Consider the uniqueness of the Elite navigation display, how protected is it? You might think that this is a joke, but it is not. A new game will cost between 20-150 million dollars, so you need to get it right and make sure you have your protection in place. Even though larger productions are less likely to fear Trade Marks or Patent infringement (usually they fear industrial espionage), but having the protection just makes your case stronger. So here is the Crux for some of the new Law firms. If you take time to visit the E3, how many products are in need for protection? Who has actually done the full scope of this? IP is an evolving market, the protection required will increase with every iteration of the game. You see, the gaming industry has arrived in the location, the hardware industry was in 1998. Now that makers will return to an annual release of a game, an iteration of the original, the game will also face the danger of a ‘white’ version. A look that is similar (but not ‘looks alike’) that provides the gameplay the gamer would like. You see, no matter how their marketing division brings it, Assassins Creed 2, AC Brotherhood, AC Revelations, AC3 and AC Black Flag are in many parts similar, as such, game makers have had 5-7 years to catch up, 3-5 years for those who waited for the second one to become a hit. As such, in light of the fact that re-engineering can usually be done in 40% of the timeframe, the need for legal protection will increase almost exponentially. Do you think that no one else is now thinking of a ‘new’ GTA5? The game brought in a billion dollars, so YES! There is someone trying to flog of a new game offering a similar game. It only takes one innovative part for the original to feel the pain of losing a market share. There is however a change, you see, some still feel the following description: “Obtaining a patent is a long, tedious, and expensive process, that it can be challenged by the examiners and later by others in court“. Yet the Patent Cooperation Treaty (PCT), which is internationally accepted, has an international patent, which does not have the same threshold patents used to have, which means filing is easier and most important cheaper!
If we look at the definitions in section 39.1 of the PCT treaty, we see :”(vi) computer programs to the extent that the International Searching Authority is not equipped to search prior art concerning such programs“, yet is that not a failing of the organisation? The fact that a billion in revenue cannot be protected, is perhaps slightly ludicrous. Again, in Robert Bosch v Siemens we see: “However, it is not to be inferred from these rules that searches or examinations in the software field are to be ruled out in international authorities. On the contrary, it seems to the board that according to the PCT searches and, if applicable, examinations of this type can and may very well (perhaps even should) be carried out if the competent authority is appropriately equipped“.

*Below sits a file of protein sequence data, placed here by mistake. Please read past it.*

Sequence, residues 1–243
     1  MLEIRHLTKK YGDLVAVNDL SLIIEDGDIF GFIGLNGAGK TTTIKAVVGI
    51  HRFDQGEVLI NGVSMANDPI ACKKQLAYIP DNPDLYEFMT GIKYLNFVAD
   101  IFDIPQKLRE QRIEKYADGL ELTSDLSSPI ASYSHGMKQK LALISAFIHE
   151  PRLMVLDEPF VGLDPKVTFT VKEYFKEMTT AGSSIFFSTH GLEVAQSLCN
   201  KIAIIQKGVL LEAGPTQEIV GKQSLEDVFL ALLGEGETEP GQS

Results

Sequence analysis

So, the victims remain as international authorities are ‘trying’ to get equipped? There is enough here to see a needed evolution that not unlike Torts will go on a case to case bases. The case on Sega v Fox Interactive, Electronic Arts, and Radical Entertainment regarding a US Patent, which was settled for an undisclosed amount. There the core of the infringement was the navigation system, the copied one was ‘too’ similar.
The core of gaming is expected to exceed 80 billion in 2015, that target is already likely to be exceeded, so as we see that gaming is now expected to overtake BI Intelligence market revenue by 1300% (yes thirteen hundred), we can surely see the short path we have in view as the need for software patents are required to strengthen an iterative market. Even though there will be some protection in Trade Marks as the branding of a game is too similar, consider the quote “if the novel elements are functional, the item cannot be copyrighted: although it might be eligible for patent protection“, which takes us back to Elite as a first example. Its navigation is quite unique, I have not ever seen it anywhere else to that extend and now as the larger masses go to play, such protection is more and more an issue. Take into consideration that the affordability of patents are now a fact, giving an option to patent, until opposed (which still needs to be decided), we have enough to see the change in the gaming industry, IP is taking a foothold, so when you follow the E3, see how often you hear the term, ‘our new IP’, because that part will take centre stage as per last year. So where are you now in all this?
More interesting, which law firms are considering evolving their portfolio with the gaming industry, which is only an $80 billion market for now!